Food Eggs are eggs. As far as I've always known, eggs are eggs and don't change much from place to place, supermarket to farmer market. Some are evidently larger than others or last longer in the kitchen (to fridge or not to fridge?) and yet here's The New Yorker to dissuade me from my folly. David Darlington describes the kind of mania which takes hold when you find and egg which everything your wildest dreams might comprehend:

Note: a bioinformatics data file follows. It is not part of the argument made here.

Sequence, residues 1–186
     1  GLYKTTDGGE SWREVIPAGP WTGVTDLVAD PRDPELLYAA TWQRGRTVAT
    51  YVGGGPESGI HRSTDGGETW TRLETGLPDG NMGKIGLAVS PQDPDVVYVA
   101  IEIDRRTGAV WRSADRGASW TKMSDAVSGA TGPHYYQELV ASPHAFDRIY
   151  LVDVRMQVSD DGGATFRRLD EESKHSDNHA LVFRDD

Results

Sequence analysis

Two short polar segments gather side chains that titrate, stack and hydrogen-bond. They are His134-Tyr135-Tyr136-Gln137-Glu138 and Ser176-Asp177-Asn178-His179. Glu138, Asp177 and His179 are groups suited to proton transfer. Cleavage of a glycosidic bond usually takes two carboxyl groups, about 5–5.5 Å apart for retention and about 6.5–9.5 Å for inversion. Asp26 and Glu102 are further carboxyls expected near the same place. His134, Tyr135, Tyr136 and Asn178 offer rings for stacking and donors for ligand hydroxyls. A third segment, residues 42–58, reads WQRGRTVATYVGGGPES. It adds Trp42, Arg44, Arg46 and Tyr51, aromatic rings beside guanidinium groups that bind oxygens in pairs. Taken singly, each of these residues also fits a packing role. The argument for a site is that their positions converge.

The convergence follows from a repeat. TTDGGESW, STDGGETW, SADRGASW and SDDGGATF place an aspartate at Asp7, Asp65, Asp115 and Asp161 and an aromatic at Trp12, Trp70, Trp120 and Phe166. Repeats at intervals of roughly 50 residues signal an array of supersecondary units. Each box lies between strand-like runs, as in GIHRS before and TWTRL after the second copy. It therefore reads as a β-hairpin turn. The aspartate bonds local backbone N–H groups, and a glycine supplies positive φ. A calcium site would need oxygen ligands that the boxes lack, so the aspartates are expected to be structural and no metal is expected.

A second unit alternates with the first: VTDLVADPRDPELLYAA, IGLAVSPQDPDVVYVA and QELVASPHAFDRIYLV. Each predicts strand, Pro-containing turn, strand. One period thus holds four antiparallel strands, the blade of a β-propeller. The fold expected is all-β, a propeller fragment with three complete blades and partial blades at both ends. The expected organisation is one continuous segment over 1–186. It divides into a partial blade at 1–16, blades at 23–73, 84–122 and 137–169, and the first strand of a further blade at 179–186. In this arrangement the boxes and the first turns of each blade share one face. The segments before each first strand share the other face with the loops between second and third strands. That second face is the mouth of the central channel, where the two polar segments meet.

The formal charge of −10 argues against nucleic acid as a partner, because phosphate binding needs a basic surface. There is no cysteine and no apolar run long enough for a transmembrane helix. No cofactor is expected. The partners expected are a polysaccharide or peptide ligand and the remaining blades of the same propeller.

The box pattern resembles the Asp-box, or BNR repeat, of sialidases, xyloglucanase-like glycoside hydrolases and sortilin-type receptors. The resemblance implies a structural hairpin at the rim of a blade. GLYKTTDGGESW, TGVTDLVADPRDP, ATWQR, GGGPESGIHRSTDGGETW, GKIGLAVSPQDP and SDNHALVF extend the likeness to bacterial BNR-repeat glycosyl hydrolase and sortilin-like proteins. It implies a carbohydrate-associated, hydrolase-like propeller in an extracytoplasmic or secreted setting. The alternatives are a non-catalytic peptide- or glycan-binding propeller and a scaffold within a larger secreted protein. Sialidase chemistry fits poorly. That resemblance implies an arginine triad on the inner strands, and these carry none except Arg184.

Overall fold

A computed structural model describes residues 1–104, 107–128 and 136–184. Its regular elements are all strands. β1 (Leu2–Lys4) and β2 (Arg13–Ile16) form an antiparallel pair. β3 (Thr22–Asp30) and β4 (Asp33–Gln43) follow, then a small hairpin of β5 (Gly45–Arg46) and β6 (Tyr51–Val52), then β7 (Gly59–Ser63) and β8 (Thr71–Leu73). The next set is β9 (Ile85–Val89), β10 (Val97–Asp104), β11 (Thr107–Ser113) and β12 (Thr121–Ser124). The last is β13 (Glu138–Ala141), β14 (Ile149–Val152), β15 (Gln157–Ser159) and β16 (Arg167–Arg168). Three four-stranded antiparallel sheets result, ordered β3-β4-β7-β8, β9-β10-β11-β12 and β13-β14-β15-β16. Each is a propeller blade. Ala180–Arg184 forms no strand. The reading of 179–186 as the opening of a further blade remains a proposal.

"Let me be clear: I’m not talking about just any eggs from the farmers’ market. Several venders there sell eggs; all are better than the ones from the grocery store, and some are still available in winter, even if you arrive after the market opens. I’m referring to eggs from Riverdog Farm, which, all of us in line agree, are of a different order. Technically they come from the Capay Valley, forty miles northwest of Sacramento, but as far as we’re concerned their origin is APIAU: A Pre-Industrial Agrarian Utopia. Where you live, there might be a farmer’s market that sells similar eggs; you might even collect APIAU-type eggs from chickens you raise yourself. But to us, Riverdog eggs—whose rich, earthy, pudding-like yolks are more orange than yellow, especially the laughable-if-it-weren’t-so-depressing excuse for yellow in eggs from the grocery store, which taste like nonfat milk as opposed to whipping cream—are unique. So unique that they cost eight dollars a dozen, and in winter each customer is limited to only a dozen—and, in particularly lean weeks, when the chickens are especially indisposed, encouraged to take only half a dozen. (To which we reply, “Dream on.”)"